Although Taos has been populated since 1300 AD by Native Americans (Pueblos), its fame as an artist haven truly came to the fore in the 1900s. Two women--Millicent Rogers and Mabel Dodge--began encouraging their creative friends, including photographer Ansel Adams, writer DH Lawrence, and painter Georgia O’Keeffe to come explore Taos and the desert Southwest.
O’Keeffe and others who were part of the New York American Modernist movement relocated to the area, as did other artists from San Francisco, and together these groups eventually came to be known as the Taos Moderns. Much of their work can be seen at the Harwood Museum of Art.
Not only are the works of the Taos Moderns featured at the Harwood (HarwoodMuseum.org), but the museum also showcases drawings, prints, painting, sculpture, and photography by contemporary artists such as Ken Price, Agnes Martin, Larry Bell, and Earl Stroh, as well as the largest collection of wood sculptures by Patrocino Barela.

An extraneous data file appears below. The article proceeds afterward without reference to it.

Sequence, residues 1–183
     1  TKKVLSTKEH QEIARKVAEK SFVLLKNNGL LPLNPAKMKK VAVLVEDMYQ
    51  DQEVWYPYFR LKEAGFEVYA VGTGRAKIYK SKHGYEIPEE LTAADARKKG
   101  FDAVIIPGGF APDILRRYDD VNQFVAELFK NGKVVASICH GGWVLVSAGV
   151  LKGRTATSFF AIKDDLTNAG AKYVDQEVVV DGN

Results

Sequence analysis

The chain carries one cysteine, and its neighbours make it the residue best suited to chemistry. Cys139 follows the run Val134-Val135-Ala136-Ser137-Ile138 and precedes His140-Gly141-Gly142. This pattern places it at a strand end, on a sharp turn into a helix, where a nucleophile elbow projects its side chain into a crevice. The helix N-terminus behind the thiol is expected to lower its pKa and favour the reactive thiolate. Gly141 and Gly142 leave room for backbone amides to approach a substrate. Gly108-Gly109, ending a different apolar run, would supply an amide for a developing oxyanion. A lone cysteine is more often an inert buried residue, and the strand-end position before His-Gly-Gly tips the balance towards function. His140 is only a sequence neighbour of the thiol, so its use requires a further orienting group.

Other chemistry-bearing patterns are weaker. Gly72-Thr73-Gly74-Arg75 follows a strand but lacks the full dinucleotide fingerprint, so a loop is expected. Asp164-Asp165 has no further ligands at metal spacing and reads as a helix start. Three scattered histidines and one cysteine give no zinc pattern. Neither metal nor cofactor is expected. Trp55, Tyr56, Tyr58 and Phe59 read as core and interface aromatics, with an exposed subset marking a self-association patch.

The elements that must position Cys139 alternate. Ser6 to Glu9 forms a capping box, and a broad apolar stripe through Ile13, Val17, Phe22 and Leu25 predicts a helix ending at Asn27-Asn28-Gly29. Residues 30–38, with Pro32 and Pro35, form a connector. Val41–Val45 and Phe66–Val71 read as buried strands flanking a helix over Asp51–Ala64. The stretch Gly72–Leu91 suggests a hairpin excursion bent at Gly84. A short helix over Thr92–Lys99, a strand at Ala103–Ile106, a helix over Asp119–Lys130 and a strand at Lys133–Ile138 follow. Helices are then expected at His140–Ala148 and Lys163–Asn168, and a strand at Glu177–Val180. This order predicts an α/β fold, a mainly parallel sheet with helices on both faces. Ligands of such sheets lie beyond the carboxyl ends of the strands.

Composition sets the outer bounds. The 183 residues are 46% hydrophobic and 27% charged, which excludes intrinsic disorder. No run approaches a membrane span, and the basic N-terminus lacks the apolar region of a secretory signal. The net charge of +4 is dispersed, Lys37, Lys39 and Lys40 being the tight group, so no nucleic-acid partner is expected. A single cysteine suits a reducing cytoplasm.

In addition to the Harwood Museum of Art, visitors to Taos can find more art at the Millicent Rogers Museum (known for its collection of rare historic micaceous pottery) and the Taos Art Museum and Fechin House (named for Russian artist Nicolai Fechin and containing works by founders of the Taos Society of Artists, including Ernest L. Blumenschein, Joseph Sharp, and W. Herbert Dunton).
Taos is home to more than 80 galleries, two major arts festivals in spring and fall, film festivals (due to its legacy as home of "Easy Rider"), a storyteller festival, and several music festivals. It’s a city whose walls are covered with murals, some dating to the WPA era. Not only is Taos a historic city, it’s one whose life’s blood is infused with art and creativity.